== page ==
By Ted AYALA
At the dawn of the 20th century, composer Xaver Scharwenka (and to a lesser extent his older brother Philipp) seemingly had it all: financial security, respect from his colleagues, official honors and widespread fame. As both composer and performing musician – he was a consummate virtuoso of the piano, a talent which a bare handful of recordings that he cut around 1910 can now only give faded testimony – he rubbed shoulders with the greats of his era, befriending and collaborating with Johannes Brahms, Ferrucio Busoni, Max Bruch, Artur Nikisch and Gustav Mahler, to name a few.
Perhaps most importantly of all, as a director of one of the most distinguished musical conservatories of his time, he occupied pride of place in the Central European musical pedagogical establishment. Countless students walked through the doors of the Klindworth-Scharwenka Conservatory in Berlin, many under the direct tutelage of Scharwenka himself. They in turn went on to have distinguished careers of their own, propagating across the world the values they learned under their teacher.
That is until World War I. With its futility, its then-unprecedented carnage, its countless acres of farmland scarred and clawed out by monstrous trenches, its ominous clouds of death-bringing gas rolling across the Somme, and the altogether new world that the Great War left in its wake brought Scharwenka’s glittering career crashing down.
In the upside-down, cynical, shattered mood that permeated Germany in the wake of its ignominious defeat, the courtliness, the civility of Scharwenka’s music – composed only a few years before, but harkening to a now completely vanished realm that in the 1920s may as well have been from classical antiquity – simply didn’t fit in, couldn’t fit in with Weimar era disillusionment and nihilism.
Scharwenka died in 1924 and the music that once carried his name the world over died alongside him.
But things began to look better for the composer’s legacy beginning in the 1990s. His scores, which had for decades lay forgotten, gathering the dust of neglect, are now increasingly being performed and recorded. Public performances of his music are still comparatively rare as last Sunday’s performance at Le Salon de Musiques proved.
Scharwenka’s “Violin Sonata” and “Cello Sonata,” each one nearly 150 years old, were only last weekend enjoying their first-ever performances in the United States. Listening to each, one can only scratch their head and wonder why this music was even tossed aside into the wastebasket of musical history in the first place.
Scharwenka’s melodic fluency, his penchant for sprightly rhythms, the neat and always crisp textures of his music, his skillful blend of Romantic ardor and Classical restraint are second to nobody.
Played with the committed musicianship of pianist Steven Vanhauwaert, violinist Guillaume Sutre, and cellist Tim Landauer, one was left with irrefutable proof that, yes, not only is this music unjustly neglected, but that it can also stand up to the best of Brahms, Grieg, Elgar, Rachmaninoff, and any one of Scharwenka’s better-known contemporaries on any day.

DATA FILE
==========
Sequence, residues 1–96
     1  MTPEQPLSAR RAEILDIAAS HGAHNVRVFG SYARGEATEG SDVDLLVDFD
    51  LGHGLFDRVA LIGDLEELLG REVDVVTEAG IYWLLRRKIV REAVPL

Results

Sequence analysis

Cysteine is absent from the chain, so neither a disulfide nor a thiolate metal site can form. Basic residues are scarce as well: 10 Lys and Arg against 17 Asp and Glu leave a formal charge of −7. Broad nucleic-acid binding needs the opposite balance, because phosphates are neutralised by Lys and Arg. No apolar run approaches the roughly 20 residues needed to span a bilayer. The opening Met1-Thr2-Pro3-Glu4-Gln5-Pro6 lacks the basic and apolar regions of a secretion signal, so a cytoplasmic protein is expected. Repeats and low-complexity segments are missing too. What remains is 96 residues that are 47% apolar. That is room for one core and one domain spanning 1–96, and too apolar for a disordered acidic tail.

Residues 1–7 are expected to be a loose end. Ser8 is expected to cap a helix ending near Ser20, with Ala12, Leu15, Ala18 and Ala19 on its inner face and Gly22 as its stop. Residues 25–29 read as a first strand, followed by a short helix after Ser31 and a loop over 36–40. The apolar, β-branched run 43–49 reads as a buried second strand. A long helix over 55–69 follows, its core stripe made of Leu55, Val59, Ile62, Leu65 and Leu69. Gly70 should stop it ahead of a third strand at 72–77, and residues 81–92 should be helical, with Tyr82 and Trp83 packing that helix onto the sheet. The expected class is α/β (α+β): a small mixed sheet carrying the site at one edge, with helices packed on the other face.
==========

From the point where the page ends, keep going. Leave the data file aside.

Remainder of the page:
The magisterial G-minor “Piano Trio” of Clara Schumann, her own excellent music often languishing in the shade of her husband Robert, closed the program with Vanhauwaert, Sutre, and Landauer delivering yet another stellar performance.
It was a clutch of songs, six in all, by Franz Liszt that drew open the curtain on Sunday’s program.
Liszt’s piano music has never been in danger of neglect, but his lieder are another story. Their sheer surface beauty – the six on Sunday’s program were each soaked in sensuous, refulgent chromaticism that prefigured Richard Strauss at his most erotically charged – is enough to make one or two of them a welcome inclusion on any song recital. But Liszt can’t begin to match the word painting, the sureness of touch, the dramatic power, the depth that Schubert, Schumann, Brahms, Wolf or Mahler convey with such ease and naturalness in their lieder.
His songs also lacked a crucial quality that his rivals had in spades: range. Because for all their beauty, the listener is dismayed at how alike they all sound. Be it a setting of a love sonnet by Petrarch or a macabre poem about a young man before he takes his suicidal plunge into a lake, Liszt makes them all sound, well, beautiful. Line up six of those songs back-to-back, each one of them lasting about a good five minutes, and their individual beauty blurs together into stultifying blandness.
The impression wasn’t aided by the singing of Elissa Johnston whose voice – sweet, but dry and tight – were at odds with the opulence of Liszt’s opera arias in miniature.
In the end, it was the Scharwenka sonatas that defined the program, that really gave its audience the impetus to set out on an unusually hot March afternoon and make the commute to downtown Los Angeles instead of the beach.
With a number of performances already under their belt, Le Salon has already made good on its belief in the Scharwenka brothers’ music. And just in case you missed last Sunday’s concert or you simply have a voracious appetite for anything Scharwenka, there’s good news: Le Salon will be performing two more works by Xaver in their end of season concert in June.